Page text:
Two caregivers have been suspended after video footage emerged in which they taunted dementia patients by torturing their “comfort dolls.”
Officials at the Ashbourne House Nursing Home in Middleton, Greater Manchester, England, have launched an investigation after employees allegedly ridiculed several residents with dementia by appearing to torment their comfort dolls.
According to Alzheimers.net, doll therapy can be used to ease feelings of distress in patients with dementia and similar degenerative disorders. Doll therapy has been shown to increase positive behaviors while decreasing negative behaviors and incidences of aggression.
Relatives of residents engaged in doll therapy at the home reported that the treatment had worked wonders, according to Manchester Evening News. Families of the residents have been informed about the incidents and the actions that management intend to take.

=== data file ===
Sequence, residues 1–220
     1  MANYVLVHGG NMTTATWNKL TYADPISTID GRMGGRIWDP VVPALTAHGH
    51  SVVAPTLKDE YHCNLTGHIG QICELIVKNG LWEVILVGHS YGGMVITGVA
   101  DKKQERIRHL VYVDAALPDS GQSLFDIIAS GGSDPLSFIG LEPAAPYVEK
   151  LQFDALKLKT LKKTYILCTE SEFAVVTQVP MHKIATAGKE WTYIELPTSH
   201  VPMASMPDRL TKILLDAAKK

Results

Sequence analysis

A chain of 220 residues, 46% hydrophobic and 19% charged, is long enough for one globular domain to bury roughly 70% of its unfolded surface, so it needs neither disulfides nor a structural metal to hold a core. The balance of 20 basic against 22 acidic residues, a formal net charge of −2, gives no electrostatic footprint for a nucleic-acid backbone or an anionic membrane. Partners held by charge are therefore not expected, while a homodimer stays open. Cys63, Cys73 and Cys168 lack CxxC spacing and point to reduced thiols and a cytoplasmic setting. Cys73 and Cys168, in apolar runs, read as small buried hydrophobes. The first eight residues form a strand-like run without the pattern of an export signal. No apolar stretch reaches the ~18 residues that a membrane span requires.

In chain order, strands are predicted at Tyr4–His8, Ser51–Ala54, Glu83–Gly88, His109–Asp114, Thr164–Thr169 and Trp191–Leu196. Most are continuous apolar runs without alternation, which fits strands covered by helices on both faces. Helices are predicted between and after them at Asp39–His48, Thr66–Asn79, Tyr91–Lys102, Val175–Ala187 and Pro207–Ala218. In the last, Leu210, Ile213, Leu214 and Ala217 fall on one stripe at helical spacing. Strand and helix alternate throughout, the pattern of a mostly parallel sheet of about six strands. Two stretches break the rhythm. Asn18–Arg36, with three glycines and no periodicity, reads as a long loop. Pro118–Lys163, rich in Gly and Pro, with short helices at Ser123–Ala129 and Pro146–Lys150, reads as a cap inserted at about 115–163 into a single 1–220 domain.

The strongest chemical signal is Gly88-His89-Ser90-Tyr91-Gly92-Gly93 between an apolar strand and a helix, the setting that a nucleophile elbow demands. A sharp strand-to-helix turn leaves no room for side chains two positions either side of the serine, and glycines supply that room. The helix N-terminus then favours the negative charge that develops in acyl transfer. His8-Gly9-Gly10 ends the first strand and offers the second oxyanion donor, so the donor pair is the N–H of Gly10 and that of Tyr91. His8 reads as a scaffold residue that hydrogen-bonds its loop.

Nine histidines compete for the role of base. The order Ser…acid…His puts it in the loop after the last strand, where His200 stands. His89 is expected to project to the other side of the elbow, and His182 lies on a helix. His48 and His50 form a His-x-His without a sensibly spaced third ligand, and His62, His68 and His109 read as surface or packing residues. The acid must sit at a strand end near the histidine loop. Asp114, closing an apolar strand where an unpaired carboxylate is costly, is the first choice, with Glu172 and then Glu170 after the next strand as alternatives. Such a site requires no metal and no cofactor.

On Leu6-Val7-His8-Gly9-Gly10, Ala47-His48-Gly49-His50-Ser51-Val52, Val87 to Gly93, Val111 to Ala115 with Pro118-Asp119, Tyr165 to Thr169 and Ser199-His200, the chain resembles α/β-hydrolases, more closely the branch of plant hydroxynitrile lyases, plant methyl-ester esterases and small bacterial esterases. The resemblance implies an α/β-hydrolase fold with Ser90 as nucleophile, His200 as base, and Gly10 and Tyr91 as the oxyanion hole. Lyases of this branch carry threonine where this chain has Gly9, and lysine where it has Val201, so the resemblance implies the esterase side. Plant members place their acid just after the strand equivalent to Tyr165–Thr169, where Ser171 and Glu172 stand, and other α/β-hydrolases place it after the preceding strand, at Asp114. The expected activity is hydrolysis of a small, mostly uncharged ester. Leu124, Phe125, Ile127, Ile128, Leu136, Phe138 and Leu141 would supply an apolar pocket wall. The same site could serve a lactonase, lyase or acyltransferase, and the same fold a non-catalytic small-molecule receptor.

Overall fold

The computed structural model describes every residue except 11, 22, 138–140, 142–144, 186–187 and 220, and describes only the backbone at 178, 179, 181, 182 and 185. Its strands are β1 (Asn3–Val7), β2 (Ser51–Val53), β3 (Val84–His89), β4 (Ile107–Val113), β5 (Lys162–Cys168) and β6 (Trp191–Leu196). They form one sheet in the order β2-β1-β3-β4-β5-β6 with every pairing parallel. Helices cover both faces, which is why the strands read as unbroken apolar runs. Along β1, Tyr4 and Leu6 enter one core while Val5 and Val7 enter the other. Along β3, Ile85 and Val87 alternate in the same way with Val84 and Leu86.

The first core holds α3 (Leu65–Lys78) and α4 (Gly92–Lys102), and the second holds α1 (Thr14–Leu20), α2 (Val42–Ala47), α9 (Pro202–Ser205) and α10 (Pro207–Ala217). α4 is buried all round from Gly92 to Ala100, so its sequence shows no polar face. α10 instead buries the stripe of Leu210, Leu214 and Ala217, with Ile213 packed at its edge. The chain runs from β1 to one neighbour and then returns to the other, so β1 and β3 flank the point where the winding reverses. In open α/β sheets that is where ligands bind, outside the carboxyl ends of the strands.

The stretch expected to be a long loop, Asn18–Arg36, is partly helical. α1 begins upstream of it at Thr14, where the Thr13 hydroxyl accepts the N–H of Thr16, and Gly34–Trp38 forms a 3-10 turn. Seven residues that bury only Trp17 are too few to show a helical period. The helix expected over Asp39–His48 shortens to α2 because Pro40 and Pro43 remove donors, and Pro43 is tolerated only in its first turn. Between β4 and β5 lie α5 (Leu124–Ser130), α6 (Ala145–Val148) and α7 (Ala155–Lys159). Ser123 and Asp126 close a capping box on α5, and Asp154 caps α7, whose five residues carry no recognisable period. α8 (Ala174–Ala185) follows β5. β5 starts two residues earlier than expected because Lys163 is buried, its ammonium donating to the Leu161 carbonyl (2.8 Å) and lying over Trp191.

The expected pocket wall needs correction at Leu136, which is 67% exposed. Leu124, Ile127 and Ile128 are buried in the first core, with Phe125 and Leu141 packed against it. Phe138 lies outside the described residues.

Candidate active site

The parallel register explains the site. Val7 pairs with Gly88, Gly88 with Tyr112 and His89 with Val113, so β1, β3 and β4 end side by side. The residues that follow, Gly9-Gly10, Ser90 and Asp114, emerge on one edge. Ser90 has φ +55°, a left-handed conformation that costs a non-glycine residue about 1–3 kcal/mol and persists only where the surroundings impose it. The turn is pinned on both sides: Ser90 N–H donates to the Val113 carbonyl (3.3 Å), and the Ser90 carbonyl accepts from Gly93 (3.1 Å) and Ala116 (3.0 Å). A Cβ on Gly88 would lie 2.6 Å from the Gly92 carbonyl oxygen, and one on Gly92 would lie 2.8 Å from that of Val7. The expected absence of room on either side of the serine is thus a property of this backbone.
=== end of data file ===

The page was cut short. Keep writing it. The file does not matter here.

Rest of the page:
“Care workers are in a position of unique trust, and patients and their families should be able to have total confidence that they will be cared for properly and treated with respect,” stated Heywood and Middleton MP, Liz McInnes. “If these claims are true, there has been a gross breach of trust and the perpetrators deserve to be punished to the full extent of the law.”
In the video, a staff member, who has been identified as Shauna-Leigh Higgin, throws a doll on the floor near a resident while screaming, “Die baby, die!” A colleague asks her, “How do you feel that you’ve just done that? How do you feel?” Higgin replies, “Great, because [resident's name] is upset.”
Photos of the dolls, which were reportedly shared through WhatsApp, show dolls in numerous distressing situations. In various images, the dolls were allegedly put inside a clothes dryer, boiled in a pot on the stove, and submerged underwater, among other scenarios.
Officials with the Care Quality Commission have been alerted to the situation, as well as the Health and Care Professions Council and the Disclosure and Barring Service.
The two employees have been suspended pending further investigation.
“We take this very, very seriously,” stated a spokesperson for the residential facility. “People like this should not be working in the care industry.”